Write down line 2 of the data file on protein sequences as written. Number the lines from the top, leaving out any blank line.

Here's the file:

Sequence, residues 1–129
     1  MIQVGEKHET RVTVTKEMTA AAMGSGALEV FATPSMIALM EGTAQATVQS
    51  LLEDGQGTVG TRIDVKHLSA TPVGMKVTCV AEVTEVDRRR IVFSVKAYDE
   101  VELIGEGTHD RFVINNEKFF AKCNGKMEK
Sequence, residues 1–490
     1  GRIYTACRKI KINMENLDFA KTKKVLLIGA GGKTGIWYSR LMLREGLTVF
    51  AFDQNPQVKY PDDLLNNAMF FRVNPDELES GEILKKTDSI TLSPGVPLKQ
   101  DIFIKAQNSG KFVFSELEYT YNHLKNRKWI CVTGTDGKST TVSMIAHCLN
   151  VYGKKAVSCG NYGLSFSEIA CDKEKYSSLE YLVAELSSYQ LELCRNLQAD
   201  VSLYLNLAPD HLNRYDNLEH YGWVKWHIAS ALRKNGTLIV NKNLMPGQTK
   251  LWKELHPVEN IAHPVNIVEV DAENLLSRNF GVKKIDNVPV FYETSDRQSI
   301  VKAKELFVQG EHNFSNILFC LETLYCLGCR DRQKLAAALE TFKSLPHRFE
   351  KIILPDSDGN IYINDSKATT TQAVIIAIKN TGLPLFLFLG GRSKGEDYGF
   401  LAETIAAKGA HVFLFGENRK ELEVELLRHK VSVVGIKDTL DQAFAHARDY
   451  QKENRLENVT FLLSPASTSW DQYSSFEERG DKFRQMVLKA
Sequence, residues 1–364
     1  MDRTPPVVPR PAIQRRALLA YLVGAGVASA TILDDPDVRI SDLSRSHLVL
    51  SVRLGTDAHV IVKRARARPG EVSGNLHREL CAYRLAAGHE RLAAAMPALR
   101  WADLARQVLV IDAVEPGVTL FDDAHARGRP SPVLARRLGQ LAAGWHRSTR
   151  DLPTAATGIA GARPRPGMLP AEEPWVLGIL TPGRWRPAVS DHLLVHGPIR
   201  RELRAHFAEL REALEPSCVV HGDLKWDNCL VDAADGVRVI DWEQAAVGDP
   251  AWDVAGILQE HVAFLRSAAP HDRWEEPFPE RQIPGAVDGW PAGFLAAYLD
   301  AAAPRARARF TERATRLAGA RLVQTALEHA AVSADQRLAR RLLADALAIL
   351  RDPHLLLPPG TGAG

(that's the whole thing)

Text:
     1  MIQVGEKHET RVTVTKEMTA AAMGSGALEV FATPSMIALM EGTAQATVQS